A rather long time ago I was in a meeting with a fairly senior development director and we were talking about annual roadmap planning. He was complaining about things. One of the things he brought up several times was race horses. He kept saying –
Bob, we simply don’t have enough race horses.
I became confused and a bit frustrated and I sort of lashed out saying –
What do race horses have to do with us meeting our software product goals for next year?
He said – no Bob, I’m talking about resources, not race horses.
After all these years, I still find this story both amusing and troubling at the same time. I think we often overuse the term resources as leaders, managers and project managers in software discussions.
Let me be clear. If you’re talking about people…say people. If you’re talking about facilities, equipment, and tools, then say resources. But don’t mix up the two.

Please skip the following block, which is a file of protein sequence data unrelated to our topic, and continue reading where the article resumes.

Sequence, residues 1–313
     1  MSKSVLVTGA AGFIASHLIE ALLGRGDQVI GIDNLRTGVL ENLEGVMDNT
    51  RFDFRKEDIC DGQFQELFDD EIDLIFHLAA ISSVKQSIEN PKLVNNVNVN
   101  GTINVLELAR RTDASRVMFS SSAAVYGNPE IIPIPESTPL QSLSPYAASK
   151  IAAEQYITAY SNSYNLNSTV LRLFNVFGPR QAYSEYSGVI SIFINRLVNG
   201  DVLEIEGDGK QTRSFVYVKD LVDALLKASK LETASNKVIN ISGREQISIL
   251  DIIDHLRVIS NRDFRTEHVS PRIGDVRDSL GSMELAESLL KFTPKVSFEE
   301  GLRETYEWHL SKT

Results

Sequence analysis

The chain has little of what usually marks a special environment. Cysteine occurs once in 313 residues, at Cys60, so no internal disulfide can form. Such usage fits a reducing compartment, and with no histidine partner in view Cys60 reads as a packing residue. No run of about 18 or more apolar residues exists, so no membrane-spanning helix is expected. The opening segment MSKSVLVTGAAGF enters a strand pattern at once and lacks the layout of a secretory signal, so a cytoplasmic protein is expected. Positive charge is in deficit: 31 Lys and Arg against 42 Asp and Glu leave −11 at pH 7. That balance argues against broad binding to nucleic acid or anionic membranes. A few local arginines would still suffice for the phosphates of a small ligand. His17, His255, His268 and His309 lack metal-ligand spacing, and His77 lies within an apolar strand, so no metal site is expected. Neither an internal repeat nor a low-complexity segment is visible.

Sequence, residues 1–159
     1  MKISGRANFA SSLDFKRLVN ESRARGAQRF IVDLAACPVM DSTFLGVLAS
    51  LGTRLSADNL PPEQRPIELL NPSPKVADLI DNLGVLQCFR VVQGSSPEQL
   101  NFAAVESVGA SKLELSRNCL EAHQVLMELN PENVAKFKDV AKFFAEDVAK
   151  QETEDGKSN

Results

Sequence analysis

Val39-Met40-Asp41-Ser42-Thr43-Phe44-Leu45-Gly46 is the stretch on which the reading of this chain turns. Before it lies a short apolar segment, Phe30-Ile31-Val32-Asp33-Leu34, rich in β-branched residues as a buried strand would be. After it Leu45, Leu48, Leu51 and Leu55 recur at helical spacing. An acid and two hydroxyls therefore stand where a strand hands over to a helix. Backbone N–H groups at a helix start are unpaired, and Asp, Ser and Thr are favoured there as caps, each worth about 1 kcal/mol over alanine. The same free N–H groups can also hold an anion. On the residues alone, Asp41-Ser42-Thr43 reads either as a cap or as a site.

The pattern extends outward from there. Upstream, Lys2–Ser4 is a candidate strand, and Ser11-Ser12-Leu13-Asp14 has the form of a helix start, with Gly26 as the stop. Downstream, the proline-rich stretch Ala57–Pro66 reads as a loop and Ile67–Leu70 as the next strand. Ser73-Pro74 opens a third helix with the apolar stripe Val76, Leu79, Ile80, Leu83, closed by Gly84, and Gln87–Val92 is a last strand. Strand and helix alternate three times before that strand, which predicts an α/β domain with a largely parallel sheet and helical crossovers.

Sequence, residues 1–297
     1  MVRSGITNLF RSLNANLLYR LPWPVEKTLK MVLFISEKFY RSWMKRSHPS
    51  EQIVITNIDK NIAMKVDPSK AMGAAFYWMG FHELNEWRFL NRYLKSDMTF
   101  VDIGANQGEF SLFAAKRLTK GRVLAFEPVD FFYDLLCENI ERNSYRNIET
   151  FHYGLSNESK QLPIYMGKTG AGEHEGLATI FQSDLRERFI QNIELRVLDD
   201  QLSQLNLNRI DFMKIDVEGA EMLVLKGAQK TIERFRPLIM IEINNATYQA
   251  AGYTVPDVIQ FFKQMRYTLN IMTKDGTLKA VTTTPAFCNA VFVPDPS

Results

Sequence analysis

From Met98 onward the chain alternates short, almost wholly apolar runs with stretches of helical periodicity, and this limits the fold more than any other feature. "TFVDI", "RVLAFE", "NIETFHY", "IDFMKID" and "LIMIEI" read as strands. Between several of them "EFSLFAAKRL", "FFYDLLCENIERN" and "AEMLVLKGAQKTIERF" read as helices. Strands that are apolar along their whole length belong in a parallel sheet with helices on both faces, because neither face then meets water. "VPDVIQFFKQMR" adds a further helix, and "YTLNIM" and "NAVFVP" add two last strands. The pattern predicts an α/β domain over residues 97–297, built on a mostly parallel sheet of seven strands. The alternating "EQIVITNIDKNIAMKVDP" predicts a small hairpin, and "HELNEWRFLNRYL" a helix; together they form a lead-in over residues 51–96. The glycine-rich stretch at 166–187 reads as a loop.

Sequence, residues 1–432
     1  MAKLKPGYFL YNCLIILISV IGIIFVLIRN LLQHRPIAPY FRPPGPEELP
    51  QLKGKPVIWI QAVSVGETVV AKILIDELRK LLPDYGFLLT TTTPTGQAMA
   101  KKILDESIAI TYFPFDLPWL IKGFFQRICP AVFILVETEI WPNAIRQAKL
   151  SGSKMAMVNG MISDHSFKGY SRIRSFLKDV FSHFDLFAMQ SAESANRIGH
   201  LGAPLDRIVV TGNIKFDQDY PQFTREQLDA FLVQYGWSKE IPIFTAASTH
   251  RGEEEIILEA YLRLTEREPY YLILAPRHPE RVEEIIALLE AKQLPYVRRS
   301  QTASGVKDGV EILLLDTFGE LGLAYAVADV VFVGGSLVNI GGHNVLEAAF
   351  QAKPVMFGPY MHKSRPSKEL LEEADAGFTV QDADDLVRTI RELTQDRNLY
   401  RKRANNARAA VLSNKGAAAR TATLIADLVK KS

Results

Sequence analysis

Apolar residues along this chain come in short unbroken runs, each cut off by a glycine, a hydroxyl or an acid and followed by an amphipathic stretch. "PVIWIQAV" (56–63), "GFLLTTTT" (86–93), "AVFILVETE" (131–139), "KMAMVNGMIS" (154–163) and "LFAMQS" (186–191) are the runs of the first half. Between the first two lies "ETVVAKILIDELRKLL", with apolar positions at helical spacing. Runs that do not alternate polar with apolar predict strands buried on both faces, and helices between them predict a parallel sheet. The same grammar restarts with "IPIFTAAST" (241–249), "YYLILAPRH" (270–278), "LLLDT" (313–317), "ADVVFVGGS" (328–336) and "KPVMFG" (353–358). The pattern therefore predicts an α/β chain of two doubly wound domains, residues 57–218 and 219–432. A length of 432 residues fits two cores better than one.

Resources are often fungible. One chair is the same as another or one desk or one computer. You can list them on a spreadsheet and easily calculate how many of them you need to fill a specific space in your office. That’s fairly simple.
But people aren’t…so simple.
They’re unique. Uniquely skilled, experienced, enabled, empowered, and understood. No two are exactly alike. Oh you may think that developers, for example, are all introverted, but that’s a gross generalization that insults every software developer on your teams. And people are certainly not fungible.
You want to get away from thinking of people (or teams) as if they can simply be added or grouped together.
Around 2005 I was a very seasoned software development manager who found himself looking for work. I’d been developing some highly sophisticated distributed trading system software for the global financial community—some really complex stuff. And to be clear, I was not only a good leader, but also a very good developer and architect.
But due to timing, I couldn’t find a leadership role in software development. Instead, a senior QA manager role came up at EMC and, long story short, I took it.